Thank you, George, for so wonderfully fulfilling my vision of a window especially for Finola. I couldn’t imagine anything more fitting and she is – of course – over the moon! Here we are in George’s studio on the day of the ‘reveal’.

The Children of Lir

Artist Warren Osborne's depiction of the enchanted Swans

Artist Warren Osborne‘s depiction of the enchanted Swans

It was the mission of the Bards and the Seanchaí to keep alive the ancient stories of Ireland: I am always eager to hear these wonder tales: if they are well told, they will make the hairs stand up on the back of your neck. Your storyteller is being watched and listened to by a generation gone before, who in turn carried that story forward from their ancestors – a chain of continuity which for all we know could go back to the time of the Bronze Age rock carvers and Megalith builders – or even before that. History books are mere speculation and short lived; stories encompass the spirit of the people, and last forever.

The story captured in sculpture at Ballycastle, County Mayo

A story captured in sculpture at Ballycastle, County Antrim

Have you ever wondered why Swans are such special birds? Did you know that in Ireland no-one can harm the Swan? Some say that law was made by the Milesians, who are said to have arrived in Ireland from Galicia (northern Spain) around four thousand years ago, and heard about The Children of Lir.

It’s a Wicked Step-Mother Tale. Finola is a Step-Mother and is sensitive to such stories, but interestingly she herself appears in this story – in fact she is its heroine! The twins Finola (…as beautiful as sunshine in blossomed branches…) and Hugo and the twins Fiachra and Conn were the children of King Lir and Queen Aoibh.

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When the children were very young their mother died, and the King married Aoifa, a sister of Aoibh. All was well until Aoifa noticed that Lir was spoiling his children: each one of them was given a beautiful white horse and a pair of white hounds and the King spent most of his time in their company. In true step-mother fashion, Aoifa became jealous and determined to intervene. Just as in the story of Snow White, she planned a dire end for them: she took them off to the wild shores of Lake Derryvaragh and threw them into the waters. But her magical powers were not strong enough: Finola gathered her brothers around her and, as Aoifa looked on, the children were transformed into beautiful Swans. In a final curse their step-mother said that they would live out three hundred years on the lake, then three hundred years more in the Sea of Moyle (the narrowest part of the Atlantic Ocean between Ireland and Scotland), then a final three hundred years on Sruth Fada Conn or Irrus Domnann – Stream of the Long Hound – in County Mayo. The spell could only be broken when the sound of the first Christian bell was heard by the Swans.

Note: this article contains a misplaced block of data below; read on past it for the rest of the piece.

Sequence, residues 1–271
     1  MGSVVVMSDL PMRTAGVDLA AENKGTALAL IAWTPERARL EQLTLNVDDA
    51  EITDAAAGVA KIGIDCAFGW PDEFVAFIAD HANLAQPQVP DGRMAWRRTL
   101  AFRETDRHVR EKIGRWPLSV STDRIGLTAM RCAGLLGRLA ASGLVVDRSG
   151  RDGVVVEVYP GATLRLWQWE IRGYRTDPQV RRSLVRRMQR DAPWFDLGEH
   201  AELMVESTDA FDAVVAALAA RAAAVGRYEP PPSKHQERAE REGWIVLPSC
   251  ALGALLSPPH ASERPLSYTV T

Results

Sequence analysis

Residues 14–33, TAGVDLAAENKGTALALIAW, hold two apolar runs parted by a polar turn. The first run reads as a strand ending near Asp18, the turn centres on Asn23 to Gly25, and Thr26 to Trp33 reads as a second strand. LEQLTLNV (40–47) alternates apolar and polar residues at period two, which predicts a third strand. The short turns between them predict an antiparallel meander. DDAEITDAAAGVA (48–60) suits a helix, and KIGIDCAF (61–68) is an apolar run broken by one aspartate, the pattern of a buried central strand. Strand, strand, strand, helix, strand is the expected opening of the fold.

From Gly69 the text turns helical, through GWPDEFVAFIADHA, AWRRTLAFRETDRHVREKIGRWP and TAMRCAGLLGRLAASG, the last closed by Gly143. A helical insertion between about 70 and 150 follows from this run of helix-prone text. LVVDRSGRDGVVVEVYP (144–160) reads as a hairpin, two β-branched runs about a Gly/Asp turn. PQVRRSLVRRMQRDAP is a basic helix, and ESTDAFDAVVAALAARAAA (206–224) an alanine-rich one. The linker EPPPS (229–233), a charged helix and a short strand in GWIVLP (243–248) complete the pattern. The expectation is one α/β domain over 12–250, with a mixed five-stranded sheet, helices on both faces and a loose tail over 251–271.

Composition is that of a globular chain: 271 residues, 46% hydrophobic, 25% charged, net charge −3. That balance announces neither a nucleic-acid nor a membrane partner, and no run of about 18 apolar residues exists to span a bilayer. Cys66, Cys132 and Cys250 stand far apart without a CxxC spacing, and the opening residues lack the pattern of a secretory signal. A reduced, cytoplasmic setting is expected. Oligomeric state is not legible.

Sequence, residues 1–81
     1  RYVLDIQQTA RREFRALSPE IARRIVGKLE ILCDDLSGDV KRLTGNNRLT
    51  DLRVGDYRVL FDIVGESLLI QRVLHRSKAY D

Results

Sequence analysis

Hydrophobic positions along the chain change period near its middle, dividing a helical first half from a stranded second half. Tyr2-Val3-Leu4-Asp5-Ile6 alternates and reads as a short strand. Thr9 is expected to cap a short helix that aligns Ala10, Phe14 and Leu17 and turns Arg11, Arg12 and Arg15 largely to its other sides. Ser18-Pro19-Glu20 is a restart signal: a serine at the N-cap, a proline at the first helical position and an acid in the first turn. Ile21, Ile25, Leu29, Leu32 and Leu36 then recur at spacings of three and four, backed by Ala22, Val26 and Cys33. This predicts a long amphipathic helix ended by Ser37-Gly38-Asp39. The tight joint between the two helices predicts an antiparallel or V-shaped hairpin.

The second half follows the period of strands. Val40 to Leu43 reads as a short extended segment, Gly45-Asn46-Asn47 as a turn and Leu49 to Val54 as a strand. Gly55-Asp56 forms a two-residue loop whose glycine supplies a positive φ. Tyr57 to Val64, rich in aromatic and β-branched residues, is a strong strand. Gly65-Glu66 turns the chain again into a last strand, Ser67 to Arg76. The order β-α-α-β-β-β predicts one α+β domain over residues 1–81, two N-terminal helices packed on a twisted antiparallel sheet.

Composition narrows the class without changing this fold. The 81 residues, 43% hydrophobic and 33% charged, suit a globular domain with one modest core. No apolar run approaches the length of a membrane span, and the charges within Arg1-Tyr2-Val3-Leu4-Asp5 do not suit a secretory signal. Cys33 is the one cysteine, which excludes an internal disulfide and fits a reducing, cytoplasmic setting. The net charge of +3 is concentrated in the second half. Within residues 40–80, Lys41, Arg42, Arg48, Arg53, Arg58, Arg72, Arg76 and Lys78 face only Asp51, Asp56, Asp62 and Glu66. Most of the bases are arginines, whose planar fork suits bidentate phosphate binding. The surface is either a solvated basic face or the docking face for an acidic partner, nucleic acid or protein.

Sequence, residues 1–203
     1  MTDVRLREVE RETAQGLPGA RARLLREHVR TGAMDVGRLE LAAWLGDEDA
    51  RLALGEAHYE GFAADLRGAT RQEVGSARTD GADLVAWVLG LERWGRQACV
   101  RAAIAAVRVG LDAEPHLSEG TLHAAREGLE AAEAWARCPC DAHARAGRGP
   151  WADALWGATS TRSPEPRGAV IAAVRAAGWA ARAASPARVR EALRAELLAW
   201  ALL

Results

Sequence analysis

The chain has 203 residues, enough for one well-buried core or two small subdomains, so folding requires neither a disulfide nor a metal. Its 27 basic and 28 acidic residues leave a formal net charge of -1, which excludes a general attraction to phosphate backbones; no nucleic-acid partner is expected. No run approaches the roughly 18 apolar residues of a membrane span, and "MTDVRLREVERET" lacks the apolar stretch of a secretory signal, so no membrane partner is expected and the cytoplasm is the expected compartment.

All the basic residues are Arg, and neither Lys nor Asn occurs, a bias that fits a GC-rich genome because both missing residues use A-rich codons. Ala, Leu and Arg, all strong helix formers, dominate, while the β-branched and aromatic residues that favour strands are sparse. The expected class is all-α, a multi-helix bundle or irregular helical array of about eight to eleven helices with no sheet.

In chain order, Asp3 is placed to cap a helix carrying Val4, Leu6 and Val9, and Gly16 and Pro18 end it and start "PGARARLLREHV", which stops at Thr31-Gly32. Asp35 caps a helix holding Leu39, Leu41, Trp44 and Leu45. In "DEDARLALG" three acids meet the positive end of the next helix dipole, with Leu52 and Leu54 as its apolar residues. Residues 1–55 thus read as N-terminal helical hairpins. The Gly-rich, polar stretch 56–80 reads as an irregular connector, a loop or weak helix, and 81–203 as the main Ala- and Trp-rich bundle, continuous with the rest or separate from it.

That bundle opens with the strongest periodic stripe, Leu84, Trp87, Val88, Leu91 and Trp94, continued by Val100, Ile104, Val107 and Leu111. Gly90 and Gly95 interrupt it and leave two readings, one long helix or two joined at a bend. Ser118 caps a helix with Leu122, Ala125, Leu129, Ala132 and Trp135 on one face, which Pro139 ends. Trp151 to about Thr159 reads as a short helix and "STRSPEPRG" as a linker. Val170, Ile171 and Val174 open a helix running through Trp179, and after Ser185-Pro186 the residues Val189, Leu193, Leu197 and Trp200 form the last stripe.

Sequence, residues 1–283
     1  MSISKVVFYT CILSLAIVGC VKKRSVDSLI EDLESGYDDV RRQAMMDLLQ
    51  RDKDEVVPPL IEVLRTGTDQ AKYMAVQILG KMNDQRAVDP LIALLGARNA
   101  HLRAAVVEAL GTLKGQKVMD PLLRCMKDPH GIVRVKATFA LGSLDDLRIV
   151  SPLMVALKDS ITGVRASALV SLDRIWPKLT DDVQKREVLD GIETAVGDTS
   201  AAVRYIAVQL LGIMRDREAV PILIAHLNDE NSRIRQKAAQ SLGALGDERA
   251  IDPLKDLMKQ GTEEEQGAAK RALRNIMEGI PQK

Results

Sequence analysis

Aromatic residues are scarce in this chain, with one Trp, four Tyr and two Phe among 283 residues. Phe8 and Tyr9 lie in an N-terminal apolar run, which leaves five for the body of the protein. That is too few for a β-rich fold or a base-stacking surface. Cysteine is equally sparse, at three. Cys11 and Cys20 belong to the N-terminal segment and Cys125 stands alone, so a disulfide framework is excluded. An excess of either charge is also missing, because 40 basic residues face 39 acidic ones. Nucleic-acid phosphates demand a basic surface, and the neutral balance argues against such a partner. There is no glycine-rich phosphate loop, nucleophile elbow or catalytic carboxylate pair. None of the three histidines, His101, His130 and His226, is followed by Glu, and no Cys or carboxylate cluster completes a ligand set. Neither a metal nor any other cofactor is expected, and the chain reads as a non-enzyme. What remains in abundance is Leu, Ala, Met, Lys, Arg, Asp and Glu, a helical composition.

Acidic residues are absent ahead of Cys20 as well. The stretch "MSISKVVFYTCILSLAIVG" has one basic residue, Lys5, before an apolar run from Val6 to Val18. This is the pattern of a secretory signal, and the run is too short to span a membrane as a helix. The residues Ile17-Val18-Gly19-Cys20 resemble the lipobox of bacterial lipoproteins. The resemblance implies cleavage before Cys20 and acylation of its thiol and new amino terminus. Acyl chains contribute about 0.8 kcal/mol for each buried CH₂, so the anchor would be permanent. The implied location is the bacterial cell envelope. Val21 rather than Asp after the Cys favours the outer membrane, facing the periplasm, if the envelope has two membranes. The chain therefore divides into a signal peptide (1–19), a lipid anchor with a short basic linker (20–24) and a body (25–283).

Sruwaddacon Bay - also known as Sruth Fada Conn

Sruwaddacon Bay – also known as Sruth Fada Conn

Aoifa might have suffered some last minutes pangs of guilt, for she allowed the Swans to retain their human voices. They also had the gift of music and while they were on Lake Derryvaragh people flocked to hear them singing. In fact, it is said that all of Ireland’s great musical tradition originated from the Children of Lir.

Children of Lir by John Duncan, 1914

Children of Lir by John Duncan, 1914

When the King found out about Aoifa’s treachery he turned her into a ‘night demon’ – a Moth, and she’s still around: we see her frequently down here in Nead an Iolair.

Aoifa - the Emperor Moth

Aoifa – the Emperor Moth

One of the most poignant parts of the story (and I am telling only the briefest of versions here) pictures the Swan children revisiting their father’s tower house on their journey to the Sea of Moyle – only to find grass covered ruins and no traces of the family’s heritage:

…when they looked down they saw no light in the house, they heard no music, no sound of voices. The many-coloured house was desolate and all the beauty was gone from it; the white hounds and the brightmaned horses were gone, and all the beautiful glad-hearted folk of the Sidhe… (http://www.sacred-texts.com)

stamp children of lir

We watch the Swans in Rossbrin Cove. On occasion we are fortunate enough to see them taking off from or landing on the water – a noisy and energetic affair: it’s hard to believe that such large and heavy birds can actually take to the air, and migrate over huge distances. Swans appear in folktales all over the world: usually they are associated with light and beauty. A tradition that the Swan only sings when dying has been captured in a madrigal by Orlando Gibbons:

The Silver Swan who, living, had no note,
When death approach’d, unlock’d her silent throat.
Leaning her breast against the reedy shore,
Thus sung her first and last, And sung no more:
“Farewell all joys, O death come close mine eyes.
More geese than swans now live, more fools than wise”

children of lir

To return to our tale – the Children of Lir took their final journey to the far west of Ireland: to the Beara peninsula in West Cork. There they heard St Patrick’s bell and were transformed to human shape again. A hermit – Saint Kemoc – found them, four ancient, withered people. He baptised them just before they crumbled to dust. This place is marked now by a stone where offerings are made: their story is alive today.

The Lir Stone, near Allihies on the Beara

The Lir Stone, near Allihies on the Beara

patricks bell

St Patrick’s Bell